As a marijuana legalization campaign in Missouri continues to fight back opposition from prohibitionists and certain cannabis reform allies, a new poll finds that a strong majority of voters in the state are ready to approve the ballot initiative in November.
The poll from SurveyUSA, which is sponsored by eight local TV stations, shows that 62 percent of Missouri likely voters are “certain to vote yes” on Amendment 3.
That includes majorities across all political affiliations: Democrats (77 percent), independents (57 percent) and Republicans (54 percent). There’s also majority support among each age demographic surveyed, except for those 65+ where there’s still a plurality (45 percent) in favor of the initiative.
“We continue to see an outpouring of support to make Missouri the very first state in the country to legalize marijuana while at the same time automatically expunging past, nonviolent cannabis offenses by a vote of the people,” John Payne, campaign manager for Legal Missouri 2022, told Marijuana Moment. “Missourians are excited to go to the polls in November and enthusiastically support Amendment 3, which will bring millions in revenue to Missouri annually, while allowing law enforcement to focus on fighting violent and serious crime.”
The survey question in the later poll is particularly specific, not just asking respondents directly about the likelihood of their vote but also detailing the key provisions of the legalization ballot initiative. Here’s the question:
Missourians will also vote on a ballot measure, Amendment 3, which would …
Change the state constitution to allow the purchase, use, and sale of marijuana for personal use for adults over the age of 21,
Allow people convicted of some non-violent marijuana offenses to petition for their release or parole and to have the records of those charges cleared,
Place a 6 percent tax on retail marijuana sales
On Amendment 3, are you …? (certain to vote yes/certain to vote no/not certain)
“On Amendment 3, the ballot measure which would legalize the personal use of marijuana in Missouri, voters today pass the measure by a margin of nearly 3:1,” SurveyUSA said in an analysis. “The measure passes by double digits among all demographic groups, including among those aged 65+, where it passes by 12 points.”
“SurveyUSA notes that regardless of the topic and regardless of the state, voters often have a built-in preference for maintaining the status quo, and that ballot measure polling tends to tighten notably as Election Day approaches and ‘vote no’ campaigns gather steam—but today, 50 days until votes are counted, Amendment 3’s support appears quite robust,” it continues.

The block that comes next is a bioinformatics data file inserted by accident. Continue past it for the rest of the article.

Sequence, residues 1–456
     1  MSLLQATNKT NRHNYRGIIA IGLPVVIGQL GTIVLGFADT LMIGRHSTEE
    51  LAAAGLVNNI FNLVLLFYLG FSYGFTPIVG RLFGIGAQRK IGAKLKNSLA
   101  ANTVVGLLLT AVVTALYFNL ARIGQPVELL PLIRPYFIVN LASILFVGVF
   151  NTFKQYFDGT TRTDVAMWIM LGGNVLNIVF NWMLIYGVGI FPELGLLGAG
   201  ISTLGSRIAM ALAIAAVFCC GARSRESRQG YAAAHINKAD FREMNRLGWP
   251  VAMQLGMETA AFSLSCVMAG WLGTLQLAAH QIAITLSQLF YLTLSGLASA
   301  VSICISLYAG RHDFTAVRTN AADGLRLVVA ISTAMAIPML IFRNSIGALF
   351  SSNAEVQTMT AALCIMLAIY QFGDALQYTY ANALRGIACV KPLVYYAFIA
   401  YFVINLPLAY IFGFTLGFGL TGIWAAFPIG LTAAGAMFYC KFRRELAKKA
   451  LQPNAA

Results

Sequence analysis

The results of this survey—which involved interviews with 670 likely voters in Missouri from September 14-18—stand in stark contrast to another recent poll that found most people are opposed to the ballot measure.
However, as Legal Missouri 2022 was quick to point out, the same firm behind that survey previously missed the mark when it found just slim support for a 2018 medical cannabis ballot measure that ultimately passed overwhelmingly.
This new survey is welcome news to the campaign, which has battled legal challenges and continues to face opposition not just from prohibitionists but also a coalition of reform advocates who have taken issue with the particulars of the proposal.
Even the Missouri Democratic Party is taking a neutral position on the measure in light of those concerns, even though the party supports legalization generally.
A group of activists recently formed a campaign—comprised of lawmakers, a former Missouri lieutenant governor, legalization supporters and the director of the state chapter of Americans for Prosperity—to convince voters to oppose the initiative and compel the governor to add cannabis reform to the legislative agenda of a special session.
To that end, Rep. Ron Hicks (R) introduced a revised marijuana legalization bill last week, with the hopes that the filing will spur the governor to expand the special session to allow consideration of the emergency reform legislation as an alternative to a cannabis ballot measure.